A new survey has dubbed Las Vegas “Debt Central.” However, when you’re talking specifically about credit card-related debt, the same report shows that consumers living in far less glamorous places — like Anchorage, Alaska, and Corpus Christi, Texas — are far worse off than those in Sin City.
Men’s Health magazine’s personal debt survey, released earlier this month, ranked 100 U.S. cities by categories ranging from foreclosures to credit scores. It clearly shows that America’s credit card debt problem isn’t centered on any one part of the country, and it further underscores the fact that you don’t have to live in a huge, expensive city to be swallowed up by credit card debt.
Findings of the study include the following:
– Corpus Christi residents have America’s worst credit scores. (Three Texas cities had the three worst scores, including El Paso and San Antonio.)
– Memphis, Tenn., consumers have suffered the most bankruptcies.
– Residents of Jackson, Miss., use the highest percentage of their credit limit.
– Anchorage has the highest credit card debt.
Las Vegas was the among the dozen worst in the United States in all of the above categories except for bankruptcies. However, its foreclosure score (third-worst in the country) helped it clinch the overall title of Debt Central. Aurora, Colo., — a Denver suburb — finished second, followed by Atlanta and Sacramento, Calif.
Billings, Mont, was deemed the city with the least overall debt, thanks to low housing costs and credit card debt. Sioux Falls, S.D., which boasts America’s best credit scores, came in second overall, followed by Madison, Wis., and Honolulu.
Other highlights: Yonkers, N.Y., has suffered the fewest bankruptcies, and Lincoln, Neb., has the lowest credit card debt. Lincoln residents also use the lowest percentage of their credit limit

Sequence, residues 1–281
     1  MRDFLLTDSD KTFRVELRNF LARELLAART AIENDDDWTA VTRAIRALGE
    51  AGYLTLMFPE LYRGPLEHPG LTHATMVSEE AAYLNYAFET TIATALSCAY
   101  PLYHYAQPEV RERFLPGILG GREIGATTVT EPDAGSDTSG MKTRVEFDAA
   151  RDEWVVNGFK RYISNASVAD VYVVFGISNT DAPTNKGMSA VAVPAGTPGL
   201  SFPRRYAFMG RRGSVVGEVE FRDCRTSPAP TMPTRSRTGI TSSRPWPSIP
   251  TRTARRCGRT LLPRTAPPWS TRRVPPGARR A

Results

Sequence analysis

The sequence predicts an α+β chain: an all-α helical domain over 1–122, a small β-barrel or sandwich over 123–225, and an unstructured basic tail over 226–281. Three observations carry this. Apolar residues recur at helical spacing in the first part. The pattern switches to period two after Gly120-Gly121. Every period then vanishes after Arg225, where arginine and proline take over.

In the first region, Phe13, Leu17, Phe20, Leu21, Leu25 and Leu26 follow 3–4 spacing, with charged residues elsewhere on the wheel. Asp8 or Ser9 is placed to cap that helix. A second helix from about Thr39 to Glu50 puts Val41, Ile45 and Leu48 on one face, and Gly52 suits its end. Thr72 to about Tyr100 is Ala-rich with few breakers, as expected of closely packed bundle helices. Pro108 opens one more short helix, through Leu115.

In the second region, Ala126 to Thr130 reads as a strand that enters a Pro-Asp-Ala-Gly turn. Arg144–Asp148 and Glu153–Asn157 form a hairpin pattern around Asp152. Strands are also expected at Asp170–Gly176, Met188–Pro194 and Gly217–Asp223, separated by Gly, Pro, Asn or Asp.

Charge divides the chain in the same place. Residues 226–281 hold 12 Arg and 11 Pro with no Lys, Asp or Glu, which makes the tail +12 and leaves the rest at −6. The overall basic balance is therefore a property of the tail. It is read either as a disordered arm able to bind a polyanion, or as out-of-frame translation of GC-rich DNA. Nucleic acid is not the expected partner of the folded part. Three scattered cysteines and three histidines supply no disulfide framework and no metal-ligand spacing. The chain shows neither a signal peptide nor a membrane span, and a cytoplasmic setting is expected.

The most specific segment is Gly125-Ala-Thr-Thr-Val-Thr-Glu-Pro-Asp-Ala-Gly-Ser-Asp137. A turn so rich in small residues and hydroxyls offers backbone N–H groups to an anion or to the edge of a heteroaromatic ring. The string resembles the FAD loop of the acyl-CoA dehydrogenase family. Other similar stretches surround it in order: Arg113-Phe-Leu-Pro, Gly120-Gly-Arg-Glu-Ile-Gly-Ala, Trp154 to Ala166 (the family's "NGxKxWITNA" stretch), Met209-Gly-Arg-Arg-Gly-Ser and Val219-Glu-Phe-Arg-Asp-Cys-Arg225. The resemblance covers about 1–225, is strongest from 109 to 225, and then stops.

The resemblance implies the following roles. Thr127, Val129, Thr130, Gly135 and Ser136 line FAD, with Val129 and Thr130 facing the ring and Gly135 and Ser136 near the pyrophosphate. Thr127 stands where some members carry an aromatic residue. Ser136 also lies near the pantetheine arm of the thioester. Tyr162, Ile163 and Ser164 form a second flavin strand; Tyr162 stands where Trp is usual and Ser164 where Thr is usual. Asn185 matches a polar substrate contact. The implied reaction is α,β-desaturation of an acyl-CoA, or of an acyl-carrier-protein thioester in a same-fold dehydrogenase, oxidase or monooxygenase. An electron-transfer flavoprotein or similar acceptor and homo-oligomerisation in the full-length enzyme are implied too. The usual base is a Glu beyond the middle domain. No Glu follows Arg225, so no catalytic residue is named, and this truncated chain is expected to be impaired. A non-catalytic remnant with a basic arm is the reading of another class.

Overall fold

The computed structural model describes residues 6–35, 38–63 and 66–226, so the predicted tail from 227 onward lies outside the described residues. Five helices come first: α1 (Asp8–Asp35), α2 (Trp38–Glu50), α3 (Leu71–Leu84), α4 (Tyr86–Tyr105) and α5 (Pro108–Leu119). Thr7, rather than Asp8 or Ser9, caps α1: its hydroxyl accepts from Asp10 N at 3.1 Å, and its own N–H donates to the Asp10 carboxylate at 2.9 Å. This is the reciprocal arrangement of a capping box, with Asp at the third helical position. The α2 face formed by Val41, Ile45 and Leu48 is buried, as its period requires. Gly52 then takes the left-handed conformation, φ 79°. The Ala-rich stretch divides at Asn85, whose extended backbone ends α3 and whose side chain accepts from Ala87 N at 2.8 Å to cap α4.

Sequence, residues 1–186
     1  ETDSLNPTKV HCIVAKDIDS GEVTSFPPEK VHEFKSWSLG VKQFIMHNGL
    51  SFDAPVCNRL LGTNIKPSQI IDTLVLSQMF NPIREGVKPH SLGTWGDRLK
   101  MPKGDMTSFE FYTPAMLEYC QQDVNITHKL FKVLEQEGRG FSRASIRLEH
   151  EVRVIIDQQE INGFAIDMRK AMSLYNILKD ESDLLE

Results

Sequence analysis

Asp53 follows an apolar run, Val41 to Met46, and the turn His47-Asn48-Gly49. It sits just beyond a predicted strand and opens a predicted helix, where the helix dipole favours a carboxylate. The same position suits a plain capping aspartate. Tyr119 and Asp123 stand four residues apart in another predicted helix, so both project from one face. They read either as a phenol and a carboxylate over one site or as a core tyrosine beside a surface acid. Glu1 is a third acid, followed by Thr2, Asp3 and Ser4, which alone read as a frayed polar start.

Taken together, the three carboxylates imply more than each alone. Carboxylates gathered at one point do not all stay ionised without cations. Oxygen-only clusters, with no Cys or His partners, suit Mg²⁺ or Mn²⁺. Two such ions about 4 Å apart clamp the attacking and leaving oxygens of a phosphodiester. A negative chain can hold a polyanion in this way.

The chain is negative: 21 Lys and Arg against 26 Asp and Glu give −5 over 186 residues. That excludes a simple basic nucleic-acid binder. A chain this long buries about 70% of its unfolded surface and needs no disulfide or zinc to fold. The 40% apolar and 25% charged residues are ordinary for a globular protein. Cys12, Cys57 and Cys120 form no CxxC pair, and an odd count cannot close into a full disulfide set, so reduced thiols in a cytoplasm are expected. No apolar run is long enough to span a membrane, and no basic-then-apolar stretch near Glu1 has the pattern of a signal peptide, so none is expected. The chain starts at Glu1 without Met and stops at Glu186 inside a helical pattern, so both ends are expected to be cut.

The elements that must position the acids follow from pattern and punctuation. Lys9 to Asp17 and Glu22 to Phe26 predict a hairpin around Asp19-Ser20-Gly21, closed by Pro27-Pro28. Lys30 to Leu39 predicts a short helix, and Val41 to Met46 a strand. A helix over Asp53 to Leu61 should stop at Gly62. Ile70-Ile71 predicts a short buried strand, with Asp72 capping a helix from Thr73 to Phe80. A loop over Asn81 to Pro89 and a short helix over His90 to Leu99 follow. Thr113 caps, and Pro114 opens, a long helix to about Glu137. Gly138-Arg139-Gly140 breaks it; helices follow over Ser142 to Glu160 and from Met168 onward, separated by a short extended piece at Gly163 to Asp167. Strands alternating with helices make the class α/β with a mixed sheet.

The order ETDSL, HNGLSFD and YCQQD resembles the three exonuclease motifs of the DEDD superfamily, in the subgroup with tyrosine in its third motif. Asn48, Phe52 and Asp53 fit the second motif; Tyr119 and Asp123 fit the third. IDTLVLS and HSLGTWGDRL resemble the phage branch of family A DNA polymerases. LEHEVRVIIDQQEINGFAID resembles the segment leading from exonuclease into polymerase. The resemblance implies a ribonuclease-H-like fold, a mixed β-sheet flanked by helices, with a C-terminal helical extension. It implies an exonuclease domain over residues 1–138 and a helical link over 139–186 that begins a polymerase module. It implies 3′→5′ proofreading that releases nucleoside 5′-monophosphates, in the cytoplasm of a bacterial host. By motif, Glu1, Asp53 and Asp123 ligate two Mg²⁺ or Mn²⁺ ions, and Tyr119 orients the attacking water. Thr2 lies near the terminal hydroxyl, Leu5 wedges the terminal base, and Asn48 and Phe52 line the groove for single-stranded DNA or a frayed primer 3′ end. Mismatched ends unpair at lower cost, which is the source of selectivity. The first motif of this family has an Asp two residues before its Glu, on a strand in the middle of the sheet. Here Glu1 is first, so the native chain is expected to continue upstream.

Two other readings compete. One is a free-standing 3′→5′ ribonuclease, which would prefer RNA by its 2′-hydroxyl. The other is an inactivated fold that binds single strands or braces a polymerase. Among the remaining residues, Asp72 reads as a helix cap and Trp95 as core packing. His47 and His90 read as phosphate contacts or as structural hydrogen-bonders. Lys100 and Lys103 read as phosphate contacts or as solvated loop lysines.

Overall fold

So how did Men’s Health compile this information? According to its Web site, editors looked at “the FDIC’s most recent personal-bankruptcy rates, and credit-reporting agency Experian’s ledger on average credit scores, credit-card debt and available credit used per person.” It would be interesting to see how different the rankings would be — if at all — if Equifax and TransUnion contributed to the data.
And while we’re on the topic of credit card-related statistics, we’re almost done with a revamp of CreditCards.com’s stats page, which will be launched in the very near future. We’ve gone through and made it easier to navigate, updated previous data and added even more fun and interesting facts. We think it’s a dramatic improvement and hope you will, too.
UPDATE (07/16/08): Our updated, new-and-improved stats page is now live. Take a look, and please share with us if you have any questions or comments about it.
See related: Credit card statistics, 2006-2008, Understanding how credit scores work,Not understanding credit scores can cost you, survey says